Despite the real risks that markets face, the strong economy is a tailwind for investors. Better-than-expected economic news to start the second half of the year continued to paint a picture of a healthy economic expansion, which should support stock prices. With many primary risks from earlier in the year receding, the outlook for the rest of the year is positive for both markets and the economy.
Of course, while economic growth and market appreciation are the most likely path forward, there is potential for short-term disruptions. A well-diversified portfolio that matches investor timelines and goals remains the best path forward for most. As always, you should reach out to your financial advisor to discuss your current plan if you have concerns.
- Continued economic growth is expected to help support markets in the months ahead.
- Over the long run, the outlook remains positive, with potential for short-term setbacks.
Authored by Brad McMillan, CFA®, CAIA, MAI, managing principal, chief investment officer, and Sam Millette, director, fixed income, at Commonwealth Financial Network®.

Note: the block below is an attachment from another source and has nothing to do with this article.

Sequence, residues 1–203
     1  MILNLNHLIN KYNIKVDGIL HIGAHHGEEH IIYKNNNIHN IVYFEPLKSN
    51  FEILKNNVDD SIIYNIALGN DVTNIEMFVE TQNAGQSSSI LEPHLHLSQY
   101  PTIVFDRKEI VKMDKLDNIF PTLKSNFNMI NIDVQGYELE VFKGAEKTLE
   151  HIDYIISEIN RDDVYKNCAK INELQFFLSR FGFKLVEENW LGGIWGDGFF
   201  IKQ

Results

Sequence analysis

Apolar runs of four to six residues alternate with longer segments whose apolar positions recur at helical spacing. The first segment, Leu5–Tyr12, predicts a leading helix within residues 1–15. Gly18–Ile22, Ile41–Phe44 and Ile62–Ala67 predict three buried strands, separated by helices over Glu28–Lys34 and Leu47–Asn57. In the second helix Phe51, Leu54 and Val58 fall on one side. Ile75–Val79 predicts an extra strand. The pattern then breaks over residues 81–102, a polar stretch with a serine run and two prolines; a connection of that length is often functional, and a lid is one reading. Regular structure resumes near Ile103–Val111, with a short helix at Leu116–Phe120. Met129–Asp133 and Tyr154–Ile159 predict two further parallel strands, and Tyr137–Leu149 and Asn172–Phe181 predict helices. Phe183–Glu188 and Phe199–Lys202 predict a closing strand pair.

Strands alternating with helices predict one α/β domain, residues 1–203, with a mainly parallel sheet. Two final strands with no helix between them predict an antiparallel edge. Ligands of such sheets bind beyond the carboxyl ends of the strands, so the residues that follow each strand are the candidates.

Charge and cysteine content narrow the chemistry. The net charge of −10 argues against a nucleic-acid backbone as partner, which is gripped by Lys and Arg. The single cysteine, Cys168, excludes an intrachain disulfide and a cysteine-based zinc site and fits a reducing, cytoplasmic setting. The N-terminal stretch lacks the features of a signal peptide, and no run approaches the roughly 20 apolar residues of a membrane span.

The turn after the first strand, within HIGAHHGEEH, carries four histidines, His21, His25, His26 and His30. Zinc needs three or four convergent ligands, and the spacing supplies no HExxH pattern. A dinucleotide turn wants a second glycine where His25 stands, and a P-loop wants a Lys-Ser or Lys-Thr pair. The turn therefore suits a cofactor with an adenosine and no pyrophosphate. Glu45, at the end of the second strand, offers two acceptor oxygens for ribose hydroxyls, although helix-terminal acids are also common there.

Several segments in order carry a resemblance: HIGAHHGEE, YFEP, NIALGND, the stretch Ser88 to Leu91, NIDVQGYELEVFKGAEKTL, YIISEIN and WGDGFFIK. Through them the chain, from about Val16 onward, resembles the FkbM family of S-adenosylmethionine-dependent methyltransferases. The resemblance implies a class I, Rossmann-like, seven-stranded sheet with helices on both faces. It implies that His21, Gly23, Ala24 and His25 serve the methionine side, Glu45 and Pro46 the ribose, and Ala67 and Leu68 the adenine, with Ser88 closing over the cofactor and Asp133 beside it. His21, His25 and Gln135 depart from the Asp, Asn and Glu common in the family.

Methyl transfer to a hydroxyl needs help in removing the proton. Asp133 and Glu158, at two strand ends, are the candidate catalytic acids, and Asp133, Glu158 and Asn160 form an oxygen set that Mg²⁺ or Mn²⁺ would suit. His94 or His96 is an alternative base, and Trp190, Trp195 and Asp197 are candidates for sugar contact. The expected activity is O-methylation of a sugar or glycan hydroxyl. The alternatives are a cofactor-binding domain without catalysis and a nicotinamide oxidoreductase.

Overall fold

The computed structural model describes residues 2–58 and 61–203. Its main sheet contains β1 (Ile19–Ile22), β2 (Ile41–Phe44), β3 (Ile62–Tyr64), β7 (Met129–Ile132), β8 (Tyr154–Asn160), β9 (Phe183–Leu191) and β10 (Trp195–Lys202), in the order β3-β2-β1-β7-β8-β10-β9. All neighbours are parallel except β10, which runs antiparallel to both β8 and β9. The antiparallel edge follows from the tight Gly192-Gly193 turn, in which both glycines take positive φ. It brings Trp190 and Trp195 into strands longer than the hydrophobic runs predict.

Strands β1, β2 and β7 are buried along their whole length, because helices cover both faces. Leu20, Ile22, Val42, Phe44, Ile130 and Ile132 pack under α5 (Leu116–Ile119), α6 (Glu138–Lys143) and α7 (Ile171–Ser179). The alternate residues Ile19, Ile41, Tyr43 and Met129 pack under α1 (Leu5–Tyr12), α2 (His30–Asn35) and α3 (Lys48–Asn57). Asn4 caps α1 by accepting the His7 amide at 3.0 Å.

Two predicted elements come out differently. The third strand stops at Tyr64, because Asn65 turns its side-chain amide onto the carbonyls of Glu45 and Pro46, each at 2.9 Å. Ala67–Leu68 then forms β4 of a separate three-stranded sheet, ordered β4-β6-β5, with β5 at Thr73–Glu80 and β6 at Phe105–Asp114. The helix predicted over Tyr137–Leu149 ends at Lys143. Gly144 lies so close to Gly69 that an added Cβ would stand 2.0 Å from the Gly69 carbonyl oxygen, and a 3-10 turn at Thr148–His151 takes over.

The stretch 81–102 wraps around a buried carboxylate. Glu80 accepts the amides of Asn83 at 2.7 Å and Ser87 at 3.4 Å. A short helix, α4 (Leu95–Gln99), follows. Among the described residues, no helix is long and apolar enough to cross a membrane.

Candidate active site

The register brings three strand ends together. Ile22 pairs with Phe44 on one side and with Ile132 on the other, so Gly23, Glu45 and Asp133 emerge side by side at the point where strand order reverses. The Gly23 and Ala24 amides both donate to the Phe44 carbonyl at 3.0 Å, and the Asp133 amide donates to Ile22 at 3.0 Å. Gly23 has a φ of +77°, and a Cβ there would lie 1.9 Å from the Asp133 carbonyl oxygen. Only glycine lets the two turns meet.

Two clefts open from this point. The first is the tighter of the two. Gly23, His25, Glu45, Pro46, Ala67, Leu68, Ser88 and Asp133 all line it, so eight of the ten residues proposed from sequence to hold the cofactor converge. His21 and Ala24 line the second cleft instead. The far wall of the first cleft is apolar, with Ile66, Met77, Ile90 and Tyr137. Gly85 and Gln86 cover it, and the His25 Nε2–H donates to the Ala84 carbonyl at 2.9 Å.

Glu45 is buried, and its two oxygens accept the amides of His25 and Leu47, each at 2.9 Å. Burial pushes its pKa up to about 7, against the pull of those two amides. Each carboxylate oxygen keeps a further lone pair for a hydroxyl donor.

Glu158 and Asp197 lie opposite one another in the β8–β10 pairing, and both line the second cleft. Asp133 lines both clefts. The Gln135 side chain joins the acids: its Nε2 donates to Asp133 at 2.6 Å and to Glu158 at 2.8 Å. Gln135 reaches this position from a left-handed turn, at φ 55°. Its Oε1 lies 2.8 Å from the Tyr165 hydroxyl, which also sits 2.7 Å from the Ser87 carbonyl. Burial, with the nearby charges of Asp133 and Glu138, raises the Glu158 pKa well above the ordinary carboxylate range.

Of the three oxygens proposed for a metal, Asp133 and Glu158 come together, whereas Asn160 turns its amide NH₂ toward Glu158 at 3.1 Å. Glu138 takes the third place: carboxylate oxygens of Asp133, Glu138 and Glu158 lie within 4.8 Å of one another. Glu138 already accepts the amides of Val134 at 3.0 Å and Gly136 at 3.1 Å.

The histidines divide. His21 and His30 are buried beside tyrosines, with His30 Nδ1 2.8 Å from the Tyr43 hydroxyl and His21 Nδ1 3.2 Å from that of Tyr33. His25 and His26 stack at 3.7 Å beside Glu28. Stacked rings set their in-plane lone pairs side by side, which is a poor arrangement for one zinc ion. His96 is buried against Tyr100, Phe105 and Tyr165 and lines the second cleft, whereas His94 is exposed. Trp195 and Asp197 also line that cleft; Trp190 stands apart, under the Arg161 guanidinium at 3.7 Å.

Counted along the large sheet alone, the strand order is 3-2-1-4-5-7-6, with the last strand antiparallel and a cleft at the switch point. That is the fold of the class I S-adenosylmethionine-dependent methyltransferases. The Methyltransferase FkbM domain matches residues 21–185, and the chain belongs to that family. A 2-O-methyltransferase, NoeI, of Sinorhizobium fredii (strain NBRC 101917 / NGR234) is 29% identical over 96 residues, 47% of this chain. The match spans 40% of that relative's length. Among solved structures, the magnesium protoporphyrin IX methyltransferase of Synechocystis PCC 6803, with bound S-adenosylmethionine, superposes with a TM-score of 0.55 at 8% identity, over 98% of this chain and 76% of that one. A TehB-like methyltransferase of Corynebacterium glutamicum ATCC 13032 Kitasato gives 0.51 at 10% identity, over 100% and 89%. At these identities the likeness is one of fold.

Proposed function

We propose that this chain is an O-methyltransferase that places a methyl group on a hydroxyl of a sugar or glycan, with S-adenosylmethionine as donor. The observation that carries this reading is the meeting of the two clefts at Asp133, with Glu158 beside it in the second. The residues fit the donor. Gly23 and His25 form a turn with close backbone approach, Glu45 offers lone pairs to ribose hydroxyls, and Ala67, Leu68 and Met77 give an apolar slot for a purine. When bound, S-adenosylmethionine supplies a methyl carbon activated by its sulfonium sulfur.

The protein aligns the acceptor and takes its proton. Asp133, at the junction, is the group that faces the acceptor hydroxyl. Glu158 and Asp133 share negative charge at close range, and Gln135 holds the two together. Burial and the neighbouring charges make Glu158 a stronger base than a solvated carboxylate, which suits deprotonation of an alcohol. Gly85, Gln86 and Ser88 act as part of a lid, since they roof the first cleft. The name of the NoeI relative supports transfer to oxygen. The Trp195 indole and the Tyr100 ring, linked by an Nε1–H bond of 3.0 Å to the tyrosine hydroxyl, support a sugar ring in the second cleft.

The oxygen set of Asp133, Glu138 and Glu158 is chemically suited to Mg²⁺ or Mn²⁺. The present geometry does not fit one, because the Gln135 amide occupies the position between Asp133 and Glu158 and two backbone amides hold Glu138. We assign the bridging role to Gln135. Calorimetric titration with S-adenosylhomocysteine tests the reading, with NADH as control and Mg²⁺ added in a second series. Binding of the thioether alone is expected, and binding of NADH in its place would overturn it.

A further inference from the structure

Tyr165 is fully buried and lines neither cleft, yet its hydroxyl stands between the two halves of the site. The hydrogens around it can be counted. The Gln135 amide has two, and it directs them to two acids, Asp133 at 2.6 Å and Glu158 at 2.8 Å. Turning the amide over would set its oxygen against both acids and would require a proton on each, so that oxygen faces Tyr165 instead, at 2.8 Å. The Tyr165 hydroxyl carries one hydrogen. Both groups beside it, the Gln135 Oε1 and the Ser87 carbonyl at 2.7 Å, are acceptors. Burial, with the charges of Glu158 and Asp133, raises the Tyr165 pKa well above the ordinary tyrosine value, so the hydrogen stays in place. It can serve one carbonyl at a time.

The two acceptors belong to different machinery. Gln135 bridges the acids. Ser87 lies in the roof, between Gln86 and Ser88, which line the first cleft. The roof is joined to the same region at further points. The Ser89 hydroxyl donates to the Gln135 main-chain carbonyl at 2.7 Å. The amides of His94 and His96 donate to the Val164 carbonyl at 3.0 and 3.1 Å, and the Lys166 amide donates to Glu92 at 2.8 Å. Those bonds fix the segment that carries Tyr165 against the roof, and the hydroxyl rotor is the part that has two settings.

Disclosure: Certain sections of this commentary contain forward-looking statements that are based on our reasonable expectations, estimates, projections, and assumptions. Forward-looking statements are not guarantees of future performance and involve certain risks and uncertainties, which are difficult to predict. All indices are unmanaged and are not available for direct investment by the public. Past performance is not indicative of future results. The S&P 500 is based on the average performance of the 500 industrial stocks monitored by Standard & Poor’s. The Nasdaq Composite Index measures the performance of all issues listed in the Nasdaq Stock Market, except for rights, warrants, units, and convertible debentures. The Dow Jones Industrial Average is computed by summing the prices of the stocks of 30 large companies and then dividing that total by an adjusted value, one which has been adjusted over the years to account for the effects of stock splits on the prices of the 30 companies. Dividends are reinvested to reflect the actual performance of the underlying securities. The MSCI EAFE Index is a float-adjusted market capitalization index designed to measure developed market equity performance, excluding the U.S. and Canada. The MSCI Emerging Markets Index is a market capitalization-weighted index composed of companies representative of the market structure of 26 emerging market countries in Europe, Latin America, and the Pacific Basin. The Russell 2000® Index measures the performance of the 2,000 smallest companies in the Russell 3000® Index. The Bloomberg US Aggregate Bond Index is an unmanaged market value-weighted performance benchmark for investment-grade fixed-rate debt issues, including government, corporate, asset-backed, and mortgage-backed securities with maturities of at least one year. The U.S. Treasury Index is based on the auctions of U.S. Treasury bills, or on the U.S. Treasury’s daily yield curve. The Bloomberg US Mortgage Backed Securities (MBS) Index is an unmanaged market value-weighted index of 15- and 30-year fixed-rate securities backed by mortgage pools of the Government National Mortgage Association (GNMA), Federal National Mortgage Association (Fannie Mae), and the Federal Home Loan Mortgage Corporation (FHLMC), and balloon mortgages with fixed-rate coupons. The Bloomberg US Municipal Index includes investment-grade, tax-exempt, and fixed-rate bonds with long-term maturities (greater than 2 years) selected from issues larger than $50 million. One basis point is equal to 1/100th of 1 percent, or 0.01 percent.